Prostate Cancer Treatment ADT Could Help With COVID-19

by Prachee published on -

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Data has shown that men are at a higher risk of contracting a novel coronavirus infection as compared to women. In a positive development, a new study suggests that androgen-deprivation therapy used against prostate cancer could also protect against COVID-19 and slow the progression of the disease.

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ADT for prostate cancer could prevent COVID-19 infections. Photo Credit: Shutterstock

The authors observed a 1.8 times higher risk of COVID-19 infections in men who were cancer patients, as compared to the general male population. They also developed a more severe infection. However, an exception was noted with prostate cancer patients receiving androgen-deprivation therapy (ADT).  Out of 5,273 men with prostate cancer on ADT, only four had developed COVID-19. Moreover, none of them died.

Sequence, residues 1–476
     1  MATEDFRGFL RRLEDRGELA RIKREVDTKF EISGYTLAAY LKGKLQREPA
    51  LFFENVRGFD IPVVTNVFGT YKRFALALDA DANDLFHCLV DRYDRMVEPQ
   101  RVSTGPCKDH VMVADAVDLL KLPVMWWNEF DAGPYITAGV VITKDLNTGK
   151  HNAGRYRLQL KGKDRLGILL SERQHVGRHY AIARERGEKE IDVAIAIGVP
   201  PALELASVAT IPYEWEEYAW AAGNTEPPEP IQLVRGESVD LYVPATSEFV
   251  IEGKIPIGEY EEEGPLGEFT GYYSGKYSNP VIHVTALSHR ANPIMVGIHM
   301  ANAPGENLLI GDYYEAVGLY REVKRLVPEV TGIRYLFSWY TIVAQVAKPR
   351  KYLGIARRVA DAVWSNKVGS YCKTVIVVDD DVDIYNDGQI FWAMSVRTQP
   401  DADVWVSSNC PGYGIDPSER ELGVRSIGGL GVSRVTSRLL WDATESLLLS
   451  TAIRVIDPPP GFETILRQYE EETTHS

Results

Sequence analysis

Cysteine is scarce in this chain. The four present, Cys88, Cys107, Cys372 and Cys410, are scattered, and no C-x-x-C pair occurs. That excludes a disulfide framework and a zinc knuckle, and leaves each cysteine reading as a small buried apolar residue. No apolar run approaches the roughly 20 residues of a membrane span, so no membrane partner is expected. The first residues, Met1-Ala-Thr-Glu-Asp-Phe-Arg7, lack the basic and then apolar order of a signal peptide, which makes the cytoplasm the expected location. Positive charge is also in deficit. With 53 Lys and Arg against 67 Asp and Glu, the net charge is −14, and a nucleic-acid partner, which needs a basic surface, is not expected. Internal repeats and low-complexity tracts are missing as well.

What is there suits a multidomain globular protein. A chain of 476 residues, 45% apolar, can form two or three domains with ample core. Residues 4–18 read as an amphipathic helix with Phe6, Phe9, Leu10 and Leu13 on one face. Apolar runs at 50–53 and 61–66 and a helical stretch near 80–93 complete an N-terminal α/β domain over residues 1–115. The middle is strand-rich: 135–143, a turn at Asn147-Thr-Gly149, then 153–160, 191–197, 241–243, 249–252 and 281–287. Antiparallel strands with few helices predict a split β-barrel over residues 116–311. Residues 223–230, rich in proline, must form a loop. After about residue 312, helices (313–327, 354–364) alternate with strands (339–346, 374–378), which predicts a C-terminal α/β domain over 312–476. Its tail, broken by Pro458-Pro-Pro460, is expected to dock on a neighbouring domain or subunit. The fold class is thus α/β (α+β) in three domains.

“Patients with prostate cancer receiving androgen-deprivation therapies had a significant four-fold reduced risk of COVID-19 infections compared to patients who did not receive ADT. An even greater difference was found when we compared prostate cancer patients receiving ADT to patients with any other type of cancer; there was a more than a five-fold reduction in risk of infection among the prostate cancer patients on ADT,” said Professor Andrea Alimonti, Università della Svizzera Italiana, one of the authors of this study.

The research suggests the possibility of using ADT as a part of the solutions being developed to tackle COVID-19, especially in men. The subjects of this study were based in the Veneto region in Italy.

The research paper has been published in the Annals of Oncology journal.

For the latest updates on COVID-19, please visit the CDC link and the NIH link.

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About the Author

Prachee is a content writer for Organic Facts and is responsible for writing on the latest wellness trends. A former Journalism & Media teacher, she prides herself on being able to seamlessly dabble between health, science, and technology. She has completed her Masters in Communication Studies from the University of Pune, India as well as an online course on “Introduction to Food and Health” from Stanford University, US. Prachee fancies herself to be a poet and a cook when the rare lightning of inspiration strikes.

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